Closing narration[edit]


Reception and Legacy[edit]

Time Magazine named this the third-best Twilight Zone episode, behind "Time Enough At Last" and "The Monsters Are Due on Maple Street".[1]

Rod Serling's map background intro which is seen at the beginning of this episode, was recycled and edited with a sound-alike voiceover artist to place him within the library preshow introduction for The Twilight Zone Tower of Terror attractions at Disney theme parks. The library room also contains other numerous episode artifacts from The Twilight Zone TV series such as Serling's name engraved on a shelf, books titled with all the episode names from the series, and a broken pair of glasses from "Time Enough At Last," among many other things.

In 1997 TV Guide ranked the episode number 31 on its 100 Greatest Episodes of All Time list.[2]


In a 1974 interview with Marvel Comics, Rod Serling said "I'm on my third draft of a feature film based on Jerome Bixby's short story, 'It's a Good Life'. We did it originally on Twilight Zone but now we're doing a full-length version. Alan Landsburg, who produced 'Chariots of the Gods?', is producing it. It's in the fantasy-horror genre."[3] This was one of Serling's last interviews before his death in 1975.

An updated remake of this episode with a lighter ending written by Richard Matheson and directed by Joe Dante, was featured as the third segment of 1983's Twilight Zone: The Movie. Bill Mumy also made a cameo appearance in the segment.

This episode was also remade as a parody in The Simpsons episode "Treehouse of Horror II" in 1991.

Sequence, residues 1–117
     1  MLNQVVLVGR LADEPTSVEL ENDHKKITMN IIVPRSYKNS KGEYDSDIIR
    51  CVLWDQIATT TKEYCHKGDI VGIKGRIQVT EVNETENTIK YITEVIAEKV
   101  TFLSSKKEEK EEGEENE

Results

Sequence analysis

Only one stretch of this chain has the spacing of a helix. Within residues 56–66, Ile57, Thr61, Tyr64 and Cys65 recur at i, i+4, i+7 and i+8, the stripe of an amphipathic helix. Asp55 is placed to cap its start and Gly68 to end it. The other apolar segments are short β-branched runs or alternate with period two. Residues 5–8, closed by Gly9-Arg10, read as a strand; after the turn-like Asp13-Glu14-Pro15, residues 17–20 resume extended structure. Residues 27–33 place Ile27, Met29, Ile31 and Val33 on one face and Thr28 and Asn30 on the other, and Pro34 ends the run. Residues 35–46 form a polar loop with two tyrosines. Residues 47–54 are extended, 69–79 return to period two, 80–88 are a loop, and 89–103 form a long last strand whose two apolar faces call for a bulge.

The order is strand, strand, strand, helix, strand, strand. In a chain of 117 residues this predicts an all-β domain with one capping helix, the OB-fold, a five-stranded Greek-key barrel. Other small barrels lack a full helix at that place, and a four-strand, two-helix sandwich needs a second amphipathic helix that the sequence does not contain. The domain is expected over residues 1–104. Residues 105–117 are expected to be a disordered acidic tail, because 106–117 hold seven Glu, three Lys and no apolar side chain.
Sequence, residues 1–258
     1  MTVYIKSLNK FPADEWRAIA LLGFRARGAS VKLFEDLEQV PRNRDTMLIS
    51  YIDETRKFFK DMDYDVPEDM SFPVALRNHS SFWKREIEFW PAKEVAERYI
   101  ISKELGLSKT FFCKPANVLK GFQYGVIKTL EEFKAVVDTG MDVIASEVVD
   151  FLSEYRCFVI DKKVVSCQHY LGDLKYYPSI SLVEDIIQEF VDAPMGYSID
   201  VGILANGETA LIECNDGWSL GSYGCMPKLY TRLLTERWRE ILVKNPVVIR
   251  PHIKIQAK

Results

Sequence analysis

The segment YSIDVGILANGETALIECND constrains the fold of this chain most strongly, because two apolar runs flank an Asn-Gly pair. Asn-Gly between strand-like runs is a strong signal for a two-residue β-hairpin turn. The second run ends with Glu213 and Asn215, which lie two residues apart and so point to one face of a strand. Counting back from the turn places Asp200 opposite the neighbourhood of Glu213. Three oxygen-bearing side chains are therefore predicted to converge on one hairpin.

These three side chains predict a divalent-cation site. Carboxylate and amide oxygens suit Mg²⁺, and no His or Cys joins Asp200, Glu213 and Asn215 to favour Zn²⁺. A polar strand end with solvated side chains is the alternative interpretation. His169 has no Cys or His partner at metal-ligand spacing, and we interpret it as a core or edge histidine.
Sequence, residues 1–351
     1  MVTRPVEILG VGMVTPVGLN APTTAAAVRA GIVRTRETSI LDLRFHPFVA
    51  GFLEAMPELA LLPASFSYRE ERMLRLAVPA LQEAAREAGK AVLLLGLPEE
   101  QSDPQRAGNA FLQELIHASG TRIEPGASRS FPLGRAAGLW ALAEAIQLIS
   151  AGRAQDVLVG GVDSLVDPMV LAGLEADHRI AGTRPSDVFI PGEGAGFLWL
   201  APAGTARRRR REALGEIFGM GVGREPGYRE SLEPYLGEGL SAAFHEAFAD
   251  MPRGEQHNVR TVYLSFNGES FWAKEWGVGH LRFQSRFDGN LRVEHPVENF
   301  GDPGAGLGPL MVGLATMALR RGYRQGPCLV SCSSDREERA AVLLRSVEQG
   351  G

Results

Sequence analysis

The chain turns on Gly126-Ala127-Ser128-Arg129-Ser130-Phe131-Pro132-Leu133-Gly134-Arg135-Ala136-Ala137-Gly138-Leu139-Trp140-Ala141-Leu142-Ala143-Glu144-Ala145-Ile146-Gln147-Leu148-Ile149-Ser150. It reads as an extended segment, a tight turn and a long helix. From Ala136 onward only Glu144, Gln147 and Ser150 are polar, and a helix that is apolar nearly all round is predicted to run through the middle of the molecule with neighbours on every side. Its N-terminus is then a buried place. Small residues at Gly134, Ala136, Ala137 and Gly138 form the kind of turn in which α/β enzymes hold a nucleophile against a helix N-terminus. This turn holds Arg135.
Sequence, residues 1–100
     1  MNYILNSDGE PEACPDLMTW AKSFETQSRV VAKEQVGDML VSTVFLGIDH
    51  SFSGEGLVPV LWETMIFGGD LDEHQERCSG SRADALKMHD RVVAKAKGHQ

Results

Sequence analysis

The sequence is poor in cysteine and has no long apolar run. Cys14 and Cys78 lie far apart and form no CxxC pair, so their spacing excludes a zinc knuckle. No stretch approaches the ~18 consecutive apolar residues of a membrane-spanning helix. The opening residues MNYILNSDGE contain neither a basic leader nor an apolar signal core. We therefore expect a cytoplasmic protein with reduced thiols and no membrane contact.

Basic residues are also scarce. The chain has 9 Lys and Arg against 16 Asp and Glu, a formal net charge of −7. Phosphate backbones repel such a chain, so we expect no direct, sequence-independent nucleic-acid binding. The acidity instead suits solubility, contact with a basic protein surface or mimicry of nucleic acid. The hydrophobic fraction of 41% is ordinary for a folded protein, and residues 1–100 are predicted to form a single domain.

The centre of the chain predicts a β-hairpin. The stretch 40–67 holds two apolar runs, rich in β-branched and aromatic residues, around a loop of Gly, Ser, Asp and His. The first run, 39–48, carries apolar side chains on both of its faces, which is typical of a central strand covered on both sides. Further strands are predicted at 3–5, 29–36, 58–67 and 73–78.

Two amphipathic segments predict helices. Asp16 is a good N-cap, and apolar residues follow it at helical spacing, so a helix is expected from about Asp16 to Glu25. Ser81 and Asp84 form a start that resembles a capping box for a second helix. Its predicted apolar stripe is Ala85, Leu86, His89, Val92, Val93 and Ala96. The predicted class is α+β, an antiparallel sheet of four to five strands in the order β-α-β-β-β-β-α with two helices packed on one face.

The episode was referenced in an episode of American Dad (s. 2 ep 17) "I Can't Stan You" where Stan listened in on his neighbors private conversations. Anyone who was heard criticizing him had their house seized by the CIA and was summarily banished to The Cornfield Motel.


In the 2002 revival series, a sequel to this episode was broadcast, entitled "It's Still a Good Life". In the episode, Anthony is a middle-aged man who now has a daughter Audrey who has inherited his powers.[4] Bill Mumy and Cloris Leachman reprised their roles from the original episode.[5] Anthony Fremont's daughter, Audrey, is played by actor Bill Mumy's real life daughter Liliana Mumy.[5][6]

A commercial for Me-TV airing on that channel in 2015 and available on Vimeo features an adult Bill Mumy as adult Anthony intercut with scenes from the original episode, apparently interacting as the adult Anthony uses his powers to beam Me-TV to little Anthony's set.


  1. ^ "Top 10 Twilight Zone episodes". Time. 2009-10-05. Retrieved 2009-10-09. 
  2. ^ TV Guide Guide to TV. Barnes and Noble. 2004. p. 667. ISBN 0-7607-5634-1. 
  3. ^ Rod Serling Recalls—'Marvel Planet of the Apes' UK Issue 12 (1975)
  4. ^ "Bill Mumy—Biography". Retrieved 2007-06-22. 
  5. ^ a b "The Twilight Zone". Retrieved 2007-06-22. 
  6. ^ "The Twilight Zone Special Remake Episodes". Sci Fi Weekly. Archived from the original on 2007-08-06. Retrieved 2007-06-22. Played by Mumy's real life daughter, Liliana Mumy 


  • Zicree, Marc Scott: The Twilight Zone Companion. Sillman-James Press, 1982 (second edition)
  • DeVoe, Bill. (2008). Trivia from The Twilight Zone. Albany, GA: Bear Manor Media. ISBN 978-1-59393-136-0
  • Grams, Martin. (2008). The Twilight Zone: Unlocking the Door to a Television Classic. Churchville, MD: OTR Publishing. ISBN 978-0-9703310-9-0
  • Diaz, Junot. Penguin Books New York (2007) The Brief Wondrous Life of Oscar Wao p.g 224

External links[edit]